Virgin Galactic has successfully tested its VSS Unity suborbital spacecraft, such as SpaceShipTwo. A test flight lasting 10 minutes was conducted over the Mojave Desert in the United States, California, at an altitude of 14,2 km. The engine was in normal operation, the ship managed to accelerate to Mach 1,87 (2,3 thousand km / h) and gain altitude of 25,6 km, after which the aircraft began to decline and successfully landed at the airport.
Earlier, in 2014, a similar test ended in disaster. The second test pilot Michael Alsbury (Michael Alsbury) did not cope with the management of the movable tail wings, using them too early when the ship was still accelerating. This led to a significant overload of more than 9G, tearing the ship apart. Alsbury died, and the first pilot Peter Siebold (Peter Siebold) received serious injuries.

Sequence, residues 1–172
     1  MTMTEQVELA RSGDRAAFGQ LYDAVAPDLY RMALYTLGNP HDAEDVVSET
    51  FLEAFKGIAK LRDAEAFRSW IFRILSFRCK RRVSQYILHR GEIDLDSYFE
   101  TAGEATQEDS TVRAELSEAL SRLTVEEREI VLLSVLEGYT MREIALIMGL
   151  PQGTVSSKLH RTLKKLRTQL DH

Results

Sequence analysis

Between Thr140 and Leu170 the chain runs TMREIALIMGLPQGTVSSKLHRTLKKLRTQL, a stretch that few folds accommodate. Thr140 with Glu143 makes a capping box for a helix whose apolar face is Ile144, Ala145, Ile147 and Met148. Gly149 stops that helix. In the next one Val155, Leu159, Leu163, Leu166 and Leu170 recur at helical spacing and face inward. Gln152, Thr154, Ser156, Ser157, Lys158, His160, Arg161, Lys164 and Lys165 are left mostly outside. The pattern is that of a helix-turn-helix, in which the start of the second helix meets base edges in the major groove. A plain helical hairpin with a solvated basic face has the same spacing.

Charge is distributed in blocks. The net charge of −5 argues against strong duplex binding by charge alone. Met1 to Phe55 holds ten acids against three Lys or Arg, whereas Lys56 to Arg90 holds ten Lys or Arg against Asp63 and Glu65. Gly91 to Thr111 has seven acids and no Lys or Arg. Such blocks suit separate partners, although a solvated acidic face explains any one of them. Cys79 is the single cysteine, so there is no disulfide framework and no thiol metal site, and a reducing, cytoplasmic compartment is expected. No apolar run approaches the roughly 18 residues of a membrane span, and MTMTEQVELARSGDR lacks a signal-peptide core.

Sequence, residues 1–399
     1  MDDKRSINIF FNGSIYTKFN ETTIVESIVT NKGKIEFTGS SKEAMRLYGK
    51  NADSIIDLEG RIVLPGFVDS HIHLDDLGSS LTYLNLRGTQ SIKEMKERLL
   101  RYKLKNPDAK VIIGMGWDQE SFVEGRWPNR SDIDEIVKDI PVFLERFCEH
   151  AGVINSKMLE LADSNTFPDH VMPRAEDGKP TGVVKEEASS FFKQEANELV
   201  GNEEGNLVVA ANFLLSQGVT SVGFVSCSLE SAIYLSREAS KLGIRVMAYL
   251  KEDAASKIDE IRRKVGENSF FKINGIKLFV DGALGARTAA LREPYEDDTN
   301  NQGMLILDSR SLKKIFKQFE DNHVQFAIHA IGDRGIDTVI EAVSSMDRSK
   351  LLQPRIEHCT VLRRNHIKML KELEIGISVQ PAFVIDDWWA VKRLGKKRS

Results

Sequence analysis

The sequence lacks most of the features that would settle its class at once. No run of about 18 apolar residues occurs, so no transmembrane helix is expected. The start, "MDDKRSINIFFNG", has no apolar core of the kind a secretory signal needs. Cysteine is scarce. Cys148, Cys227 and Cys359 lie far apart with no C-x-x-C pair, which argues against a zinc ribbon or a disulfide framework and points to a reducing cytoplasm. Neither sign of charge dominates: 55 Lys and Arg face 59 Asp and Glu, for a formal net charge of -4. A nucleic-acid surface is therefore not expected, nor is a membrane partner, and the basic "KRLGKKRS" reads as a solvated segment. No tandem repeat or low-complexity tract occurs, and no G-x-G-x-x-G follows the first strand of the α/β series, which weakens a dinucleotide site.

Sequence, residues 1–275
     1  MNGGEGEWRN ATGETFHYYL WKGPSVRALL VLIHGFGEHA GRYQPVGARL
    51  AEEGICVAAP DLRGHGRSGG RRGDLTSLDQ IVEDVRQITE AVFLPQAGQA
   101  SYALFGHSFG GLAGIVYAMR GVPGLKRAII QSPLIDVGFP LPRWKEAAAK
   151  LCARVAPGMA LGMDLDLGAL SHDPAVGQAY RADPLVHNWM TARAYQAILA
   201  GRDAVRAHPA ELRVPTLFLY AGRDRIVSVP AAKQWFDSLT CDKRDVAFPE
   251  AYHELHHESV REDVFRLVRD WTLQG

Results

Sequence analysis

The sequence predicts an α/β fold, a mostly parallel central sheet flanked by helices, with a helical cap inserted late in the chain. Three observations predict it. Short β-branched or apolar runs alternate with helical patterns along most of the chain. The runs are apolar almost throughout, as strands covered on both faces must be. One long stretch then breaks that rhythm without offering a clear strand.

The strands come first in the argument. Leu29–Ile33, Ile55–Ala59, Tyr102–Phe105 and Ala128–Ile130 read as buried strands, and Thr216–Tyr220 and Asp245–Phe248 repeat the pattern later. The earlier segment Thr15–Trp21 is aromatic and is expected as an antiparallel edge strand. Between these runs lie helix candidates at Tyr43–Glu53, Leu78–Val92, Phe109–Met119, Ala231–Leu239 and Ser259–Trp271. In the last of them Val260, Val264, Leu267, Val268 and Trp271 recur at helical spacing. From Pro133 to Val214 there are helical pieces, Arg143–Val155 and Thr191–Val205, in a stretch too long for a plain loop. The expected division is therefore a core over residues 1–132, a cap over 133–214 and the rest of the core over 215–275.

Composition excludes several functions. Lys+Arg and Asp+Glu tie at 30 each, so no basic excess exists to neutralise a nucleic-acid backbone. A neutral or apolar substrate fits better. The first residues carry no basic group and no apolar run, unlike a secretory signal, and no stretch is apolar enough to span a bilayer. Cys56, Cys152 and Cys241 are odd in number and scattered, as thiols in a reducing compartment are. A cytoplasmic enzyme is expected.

Immediately after completing the tests, Virgin Galactic CEO Richard Branson said the company was "back to square one."
Recall that the ultimate goal of the project of billionaire Richard Branson is to develop a passenger shuttle for suborbital tourist flights. According to company representatives, a three-day training course awaits potential tourists, the apogee of the flight will be the short-term presence of the flight participants in zero gravity. Suborbital flight - a flight at a speed below 1 space, that is, insufficient for the spacecraft to enter the Earth’s orbit.